I’ve been taken to the woodshed — about my language, of all things.
Or at least the “language of the left,” which I have been known to both use and quote. And though I stand by what I said in the recent column that ignited this firestorm, I’ll concede that it might have been more effective if I’d said it differently.
The column, “The coded power of the alt-right is fueling its rise,” quoted linguist George Lakoff as he drew parallels between the language of the Breitbart News set (where opponents are denigrated as “snowflakes” and “social justice warriors”) and the Nazis. “The strategy [of the right] is to control discourse,” I quoted Lakoff as saying. “One way you do that is preemptive name-calling,” and then he went on to call out a few prime examples.
Some readers were having none of it. “Arguing from the left against using coded language, against snark and sarcasm, against verbal abuse, and against discourse control, is a laughable demonstration of lack of self-awareness,” commented one reader. Another also took umbrage: “Meanwhile, I assume the left still branding everybody they want to silence as a bigot, racist, fascist, misogynist, ‘conservatard,’ ‘fundie,’ etc. is all still totally ok.”
No, it’s not, and I’d even add “homophobic” and “transphobic,” words that are too often used willy-nilly as labels for anyone not supporting LGBT causes. For a couple of years now, I’ve been increasingly hesitant to use any variation of “phobic” or any characterization that ends with “ist,” because such freighted phrases stop a conversation (or a column) dead in its tracks and give the accused no way to respond in a thoughtful, nondefensive manner. Nine times out of 10, I’d say these labels lead not to more light, but only to more heat.
For instance, in one column, I characterized Milo Yiannopoulos, the erstwhile Breitbart News editor, as one “who is rightly called out as a misogynist, racist, [and] transphobic.” My point would have been far more effective if instead of applying a label I had produced the evidence: his own words.
I wish I’d told how Yiannopoulos mocked a male-to-female transgender student at the University of Wisconsin at Milwaukee, last December. With her name and photo on the screen behind him, Yiannopoulos called the student a “tranny,” then claimed that she had “forced his way into the women’s locker rooms this year.” The gay provocateur also told the audience that the student failed to “pass” as a woman, saying, “The way that you know he’s failing is I’d almost still bang him.”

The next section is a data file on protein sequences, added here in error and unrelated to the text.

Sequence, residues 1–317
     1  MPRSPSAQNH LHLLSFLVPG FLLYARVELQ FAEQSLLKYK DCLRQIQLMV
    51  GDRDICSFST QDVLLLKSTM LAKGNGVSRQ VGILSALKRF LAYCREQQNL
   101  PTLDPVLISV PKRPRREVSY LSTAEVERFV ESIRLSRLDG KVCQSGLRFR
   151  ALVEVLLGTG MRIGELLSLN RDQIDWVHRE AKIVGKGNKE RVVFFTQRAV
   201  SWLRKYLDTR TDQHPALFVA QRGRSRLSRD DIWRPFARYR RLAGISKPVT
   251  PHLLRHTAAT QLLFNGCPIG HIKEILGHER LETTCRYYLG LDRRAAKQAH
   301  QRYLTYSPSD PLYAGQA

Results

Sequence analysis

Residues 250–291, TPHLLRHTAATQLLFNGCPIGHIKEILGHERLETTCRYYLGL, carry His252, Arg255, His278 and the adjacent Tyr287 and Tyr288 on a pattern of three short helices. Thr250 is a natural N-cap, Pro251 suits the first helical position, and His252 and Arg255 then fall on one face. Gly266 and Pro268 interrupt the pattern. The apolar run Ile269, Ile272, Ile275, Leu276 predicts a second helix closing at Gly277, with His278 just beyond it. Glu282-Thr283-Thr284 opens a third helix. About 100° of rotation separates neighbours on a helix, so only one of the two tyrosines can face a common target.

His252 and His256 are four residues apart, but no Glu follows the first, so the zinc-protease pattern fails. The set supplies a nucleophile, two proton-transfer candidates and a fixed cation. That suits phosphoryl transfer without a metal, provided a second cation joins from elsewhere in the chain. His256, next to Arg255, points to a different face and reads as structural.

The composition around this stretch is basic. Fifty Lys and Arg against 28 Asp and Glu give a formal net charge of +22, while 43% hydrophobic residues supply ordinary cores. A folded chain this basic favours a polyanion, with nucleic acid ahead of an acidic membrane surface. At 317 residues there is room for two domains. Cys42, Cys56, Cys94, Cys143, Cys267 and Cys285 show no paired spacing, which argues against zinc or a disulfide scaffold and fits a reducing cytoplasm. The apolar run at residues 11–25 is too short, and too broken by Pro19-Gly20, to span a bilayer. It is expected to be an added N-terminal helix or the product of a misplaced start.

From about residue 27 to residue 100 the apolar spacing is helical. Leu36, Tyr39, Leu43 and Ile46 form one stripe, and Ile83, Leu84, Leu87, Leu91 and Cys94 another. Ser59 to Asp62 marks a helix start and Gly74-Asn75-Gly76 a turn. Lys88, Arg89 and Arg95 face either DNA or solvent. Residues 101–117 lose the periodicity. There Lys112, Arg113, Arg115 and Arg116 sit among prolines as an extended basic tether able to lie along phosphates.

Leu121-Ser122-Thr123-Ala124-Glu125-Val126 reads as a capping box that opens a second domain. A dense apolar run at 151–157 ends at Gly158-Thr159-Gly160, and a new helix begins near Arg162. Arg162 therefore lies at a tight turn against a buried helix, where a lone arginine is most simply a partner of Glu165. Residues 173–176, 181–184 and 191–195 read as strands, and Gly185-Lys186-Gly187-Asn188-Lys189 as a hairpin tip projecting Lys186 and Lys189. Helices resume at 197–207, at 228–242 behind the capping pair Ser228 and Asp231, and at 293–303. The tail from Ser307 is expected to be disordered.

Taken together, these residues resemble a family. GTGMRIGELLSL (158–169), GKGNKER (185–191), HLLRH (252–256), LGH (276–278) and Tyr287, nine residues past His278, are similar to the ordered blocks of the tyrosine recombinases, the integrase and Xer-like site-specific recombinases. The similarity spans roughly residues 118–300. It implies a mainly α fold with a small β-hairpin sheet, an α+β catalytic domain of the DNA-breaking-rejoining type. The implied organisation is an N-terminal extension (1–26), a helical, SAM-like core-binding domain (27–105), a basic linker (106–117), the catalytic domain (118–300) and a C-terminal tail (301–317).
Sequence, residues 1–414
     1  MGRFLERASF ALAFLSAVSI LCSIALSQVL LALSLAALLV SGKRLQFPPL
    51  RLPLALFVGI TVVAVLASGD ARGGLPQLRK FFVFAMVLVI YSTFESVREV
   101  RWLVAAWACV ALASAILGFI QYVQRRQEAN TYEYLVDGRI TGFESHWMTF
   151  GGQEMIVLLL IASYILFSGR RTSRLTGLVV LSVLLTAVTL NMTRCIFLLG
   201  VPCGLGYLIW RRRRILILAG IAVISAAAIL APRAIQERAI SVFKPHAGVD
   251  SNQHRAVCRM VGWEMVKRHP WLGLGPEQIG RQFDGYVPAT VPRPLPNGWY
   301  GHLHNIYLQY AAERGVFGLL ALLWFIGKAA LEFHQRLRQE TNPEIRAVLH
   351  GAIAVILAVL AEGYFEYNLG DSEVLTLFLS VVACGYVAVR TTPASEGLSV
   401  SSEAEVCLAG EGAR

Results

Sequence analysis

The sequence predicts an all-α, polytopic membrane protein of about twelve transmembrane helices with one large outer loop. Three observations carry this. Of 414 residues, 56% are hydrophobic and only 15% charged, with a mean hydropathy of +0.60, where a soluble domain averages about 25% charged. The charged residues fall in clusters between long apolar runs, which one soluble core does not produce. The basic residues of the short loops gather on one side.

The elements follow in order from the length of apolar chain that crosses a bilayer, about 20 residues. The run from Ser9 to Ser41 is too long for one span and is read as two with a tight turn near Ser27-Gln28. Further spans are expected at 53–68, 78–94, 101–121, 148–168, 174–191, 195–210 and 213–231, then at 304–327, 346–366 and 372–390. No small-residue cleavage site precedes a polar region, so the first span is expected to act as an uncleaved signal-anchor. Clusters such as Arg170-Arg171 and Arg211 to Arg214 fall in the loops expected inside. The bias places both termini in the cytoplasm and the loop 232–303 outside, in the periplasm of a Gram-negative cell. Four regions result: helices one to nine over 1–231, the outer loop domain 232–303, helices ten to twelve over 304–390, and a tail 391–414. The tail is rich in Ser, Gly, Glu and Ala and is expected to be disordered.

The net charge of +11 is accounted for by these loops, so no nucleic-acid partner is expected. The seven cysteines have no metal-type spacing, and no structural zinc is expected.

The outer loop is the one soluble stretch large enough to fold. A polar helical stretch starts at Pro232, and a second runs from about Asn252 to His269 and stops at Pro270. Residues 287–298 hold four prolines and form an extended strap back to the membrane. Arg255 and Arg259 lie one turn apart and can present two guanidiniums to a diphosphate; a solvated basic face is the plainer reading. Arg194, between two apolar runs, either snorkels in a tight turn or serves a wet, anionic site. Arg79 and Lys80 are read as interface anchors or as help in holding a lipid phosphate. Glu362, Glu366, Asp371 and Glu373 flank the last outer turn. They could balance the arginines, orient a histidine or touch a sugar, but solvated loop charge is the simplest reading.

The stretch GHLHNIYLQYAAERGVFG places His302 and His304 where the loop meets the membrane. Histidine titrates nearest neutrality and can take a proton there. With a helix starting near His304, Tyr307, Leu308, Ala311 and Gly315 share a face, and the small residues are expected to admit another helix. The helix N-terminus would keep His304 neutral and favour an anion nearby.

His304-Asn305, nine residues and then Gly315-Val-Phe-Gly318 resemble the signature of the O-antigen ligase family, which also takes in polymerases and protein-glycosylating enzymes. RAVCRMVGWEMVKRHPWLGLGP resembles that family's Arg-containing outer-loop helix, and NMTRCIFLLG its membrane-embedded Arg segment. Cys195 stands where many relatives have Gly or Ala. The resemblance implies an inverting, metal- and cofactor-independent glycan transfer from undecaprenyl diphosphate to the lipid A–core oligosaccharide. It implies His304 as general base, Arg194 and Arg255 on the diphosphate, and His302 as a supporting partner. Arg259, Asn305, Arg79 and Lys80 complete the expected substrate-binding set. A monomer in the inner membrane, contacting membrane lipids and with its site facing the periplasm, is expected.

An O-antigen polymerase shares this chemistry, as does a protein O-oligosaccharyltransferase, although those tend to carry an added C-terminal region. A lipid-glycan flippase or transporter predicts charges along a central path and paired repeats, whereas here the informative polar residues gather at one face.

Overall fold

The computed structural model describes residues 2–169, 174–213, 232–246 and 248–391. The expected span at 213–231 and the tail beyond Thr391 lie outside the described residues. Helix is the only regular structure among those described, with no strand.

I stand by my assertion that Yiannopoulos’s language and characterizations add up to “transphobic,” but telling this story is so much more powerful, so much more convincing, than any mere label could be.
Here’s another example. Remember “Joe the Plumber” Wurzelbacher, the self-proclaimed “tea party favorite” who clashed with Barack Obama during the 2008 election? Wurzelbacher posted on his blog in 2015: “Attention — Libs and the media: I am not a bigot, homophobe or racist. I just disagree with you.” As evidence that he’s not homophobic, Wurzelbacher offered this: “I don’t like the idea of same-sex marriage, I believe it to be wrong. It doesn’t end bigotry or get rid of discrimination, it only changes the definition of traditional marriage. . . . When I give that answer, I am labeled by the left as a hateful, bigoted homophobe. Doesn’t matter that I have friends who are homosexual.”
I’m happy to give Wurzelbacher the space to define his beliefs (although not the right to use those beliefs to interfere in civil marriage contracts). You can decide what you think of those beliefs (and him), so there’s no need for me to apply a label. Hey, give the man credit — some of his best friends are gay!
On the personal side, I’ve also relied on labels when a more nuanced conversation would probably have yielded better results. Perhaps you have, too? For example, I once called a relative “homophobic” when she refused to invite my male partner to a family gathering that included several opposite-sex couples, including my brother and his wife. She bridled at — and denied — the accusation, and my other half and I skipped the party. A lose/lose situation. How much more effective might it have been if I’d explained why she’d hurt me, instead of putting a scarlet “H” on her back? (Years later, we talked about what had happened, and after that she was as inclusive of my new partner as could be.)
Words, words, words — that’s what a packed audience in Houston wanted to talk about last week when I participated in a panel titled “What does it mean to be an American?” hosted by the Smithsonian and Zócalo Public Square. At one point, I asked the packed theater: Do you think that we need to transcend the current level of discourse in politics, in the media and on social media? The audience, chock-full of both Reds and Blues, unanimously raised their hands to voice their answer: Yes! My reply: Let’s stop deriding and demeaning each other as daily substitutes for debate and discourse. We all need to take personal responsibility for such interactions in our families, our schools, our workplaces, our social media pages — everywhere. When do you start?
Agree or disagree with my perspective? Let me know in the comments section below.